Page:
Why should the public believe Mrs May “gets it” now any more than she did then? This was a speech full of dogs that did not bark, of things and people she refused, tellingly, to mention by name. The Chequers agreement was one. She did make reference to her Lancaster House speech, delivered in those happy days, only six months on from the EU referendum, when she could still count on the support of all her party. Then, all she had to do was set out the priorities the UK government would use to negotiate Brexit. First among these were “certainty and clarity”. No, don’t laugh. Was the omission of the word Chequers a signal that there was still some room for manoeuvre, for revisiting the agreement? Might there be a Chevening plan in the offing to replace Chequers? The other dog that did not bark was Boris Johnson, who a day earlier had launched a full blown leadership challenge without having the courage or courtesy to declare it as such. It was no surprise that she did not mention him. To her, and a lot of others besides, he is beneath contempt, not worth the breath it would take to say his name.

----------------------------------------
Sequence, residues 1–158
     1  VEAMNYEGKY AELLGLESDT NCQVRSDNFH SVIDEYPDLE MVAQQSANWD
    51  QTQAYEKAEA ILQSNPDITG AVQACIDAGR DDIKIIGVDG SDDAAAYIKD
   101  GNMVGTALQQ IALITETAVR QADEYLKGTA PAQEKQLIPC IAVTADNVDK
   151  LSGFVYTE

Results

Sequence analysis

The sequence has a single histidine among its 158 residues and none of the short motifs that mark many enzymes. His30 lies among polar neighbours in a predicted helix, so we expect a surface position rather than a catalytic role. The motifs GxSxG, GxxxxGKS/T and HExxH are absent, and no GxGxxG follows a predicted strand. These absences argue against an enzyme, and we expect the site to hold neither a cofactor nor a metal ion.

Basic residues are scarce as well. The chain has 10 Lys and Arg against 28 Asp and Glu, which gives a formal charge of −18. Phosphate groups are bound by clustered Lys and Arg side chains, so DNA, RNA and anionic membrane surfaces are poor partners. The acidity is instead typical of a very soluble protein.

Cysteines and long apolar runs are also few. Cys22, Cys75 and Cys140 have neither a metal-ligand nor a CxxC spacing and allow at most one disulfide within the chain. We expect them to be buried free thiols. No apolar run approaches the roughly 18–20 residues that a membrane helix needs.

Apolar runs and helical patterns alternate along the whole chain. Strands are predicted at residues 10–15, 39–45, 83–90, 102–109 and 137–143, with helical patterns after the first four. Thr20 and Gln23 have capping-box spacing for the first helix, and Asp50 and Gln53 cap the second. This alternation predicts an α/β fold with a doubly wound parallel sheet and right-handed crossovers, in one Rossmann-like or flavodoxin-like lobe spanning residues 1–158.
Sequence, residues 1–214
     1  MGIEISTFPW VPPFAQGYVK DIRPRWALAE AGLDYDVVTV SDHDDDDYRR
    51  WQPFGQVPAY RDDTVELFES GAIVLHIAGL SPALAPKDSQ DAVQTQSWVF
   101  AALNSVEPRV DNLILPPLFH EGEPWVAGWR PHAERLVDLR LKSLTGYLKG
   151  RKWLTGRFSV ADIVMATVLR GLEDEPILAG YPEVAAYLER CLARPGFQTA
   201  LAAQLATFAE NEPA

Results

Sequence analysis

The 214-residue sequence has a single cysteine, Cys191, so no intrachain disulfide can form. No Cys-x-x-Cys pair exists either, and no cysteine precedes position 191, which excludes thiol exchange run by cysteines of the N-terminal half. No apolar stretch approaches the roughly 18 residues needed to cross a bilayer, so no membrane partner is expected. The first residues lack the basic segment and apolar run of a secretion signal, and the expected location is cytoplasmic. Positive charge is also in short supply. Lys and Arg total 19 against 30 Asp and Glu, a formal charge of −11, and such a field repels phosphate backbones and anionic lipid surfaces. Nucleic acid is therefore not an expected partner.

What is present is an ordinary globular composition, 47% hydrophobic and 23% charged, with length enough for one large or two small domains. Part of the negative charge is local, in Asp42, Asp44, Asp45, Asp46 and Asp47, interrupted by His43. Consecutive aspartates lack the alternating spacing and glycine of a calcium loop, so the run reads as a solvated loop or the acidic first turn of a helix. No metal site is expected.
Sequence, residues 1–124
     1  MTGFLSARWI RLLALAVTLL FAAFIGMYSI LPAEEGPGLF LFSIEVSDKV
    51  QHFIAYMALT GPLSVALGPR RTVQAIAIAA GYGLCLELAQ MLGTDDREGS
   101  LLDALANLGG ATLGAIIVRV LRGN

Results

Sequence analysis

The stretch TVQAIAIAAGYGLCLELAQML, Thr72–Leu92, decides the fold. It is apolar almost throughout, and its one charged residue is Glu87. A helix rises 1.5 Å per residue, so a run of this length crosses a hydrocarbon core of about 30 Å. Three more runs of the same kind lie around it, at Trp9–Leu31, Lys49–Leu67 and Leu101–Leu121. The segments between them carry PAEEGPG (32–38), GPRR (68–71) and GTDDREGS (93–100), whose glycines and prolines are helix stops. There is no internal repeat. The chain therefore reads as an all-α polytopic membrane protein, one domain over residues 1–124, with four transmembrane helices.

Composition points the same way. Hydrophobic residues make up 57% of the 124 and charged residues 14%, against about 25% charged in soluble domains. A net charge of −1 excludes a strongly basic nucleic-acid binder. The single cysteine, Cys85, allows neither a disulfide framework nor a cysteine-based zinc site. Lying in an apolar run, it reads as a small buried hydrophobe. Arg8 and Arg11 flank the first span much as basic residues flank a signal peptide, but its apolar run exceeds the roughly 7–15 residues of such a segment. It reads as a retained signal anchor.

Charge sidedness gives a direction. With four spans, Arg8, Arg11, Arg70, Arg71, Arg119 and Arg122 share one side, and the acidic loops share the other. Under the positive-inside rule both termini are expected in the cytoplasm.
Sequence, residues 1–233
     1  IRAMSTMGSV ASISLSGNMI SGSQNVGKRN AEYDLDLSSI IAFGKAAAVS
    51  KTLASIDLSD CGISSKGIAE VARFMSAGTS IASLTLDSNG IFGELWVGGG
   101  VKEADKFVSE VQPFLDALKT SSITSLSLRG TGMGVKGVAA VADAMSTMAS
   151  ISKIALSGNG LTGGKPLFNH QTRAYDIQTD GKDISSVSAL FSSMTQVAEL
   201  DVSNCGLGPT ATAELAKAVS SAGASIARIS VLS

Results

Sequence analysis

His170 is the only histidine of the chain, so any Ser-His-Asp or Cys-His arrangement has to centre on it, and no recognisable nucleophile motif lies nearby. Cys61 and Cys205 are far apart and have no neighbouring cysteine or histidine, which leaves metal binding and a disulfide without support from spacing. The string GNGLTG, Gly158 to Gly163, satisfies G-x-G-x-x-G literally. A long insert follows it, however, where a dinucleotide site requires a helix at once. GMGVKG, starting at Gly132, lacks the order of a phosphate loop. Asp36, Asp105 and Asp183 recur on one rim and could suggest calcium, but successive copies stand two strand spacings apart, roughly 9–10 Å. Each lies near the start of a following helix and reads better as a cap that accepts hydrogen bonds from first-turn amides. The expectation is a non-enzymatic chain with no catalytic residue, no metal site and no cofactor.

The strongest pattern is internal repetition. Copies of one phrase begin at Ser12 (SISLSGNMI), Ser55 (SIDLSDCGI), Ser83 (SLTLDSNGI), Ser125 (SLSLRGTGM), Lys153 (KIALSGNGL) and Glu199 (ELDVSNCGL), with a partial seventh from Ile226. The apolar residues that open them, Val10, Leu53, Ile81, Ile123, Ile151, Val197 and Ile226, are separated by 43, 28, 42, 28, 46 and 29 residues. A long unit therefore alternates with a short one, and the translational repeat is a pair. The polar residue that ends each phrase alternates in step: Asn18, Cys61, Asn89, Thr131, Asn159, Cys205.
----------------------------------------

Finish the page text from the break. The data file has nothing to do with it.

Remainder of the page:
Yet as a leading representative of the fanatical Brexiters in her party, he poses a real and present danger to her remaining in Downing Street. Only that morning, one of her own MPs, James Duddridge, had been on radio telling Mrs May to get her coat. Come the afternoon, he topped this disloyalty with a letter to the 1922 committee of backbenchers calling for a leadership contest.

Instead of attacking her critics head on, she chose to threaten them with the only thing they care about more than sticking two fingers up to Brussels: keeping their jobs. The strongest part of Mrs May’s speech was the section attacking what she called “The Jeremy Corbyn Party”. She praised the essential decency and vision of Labour politicians such as Attlee, Gaitskell, Callaghan, Castle, Healy and John Smith. Neil Kinnock got a mention, too (no Tony Blair, of course). “What has befallen Labour is a national tragedy,” she said.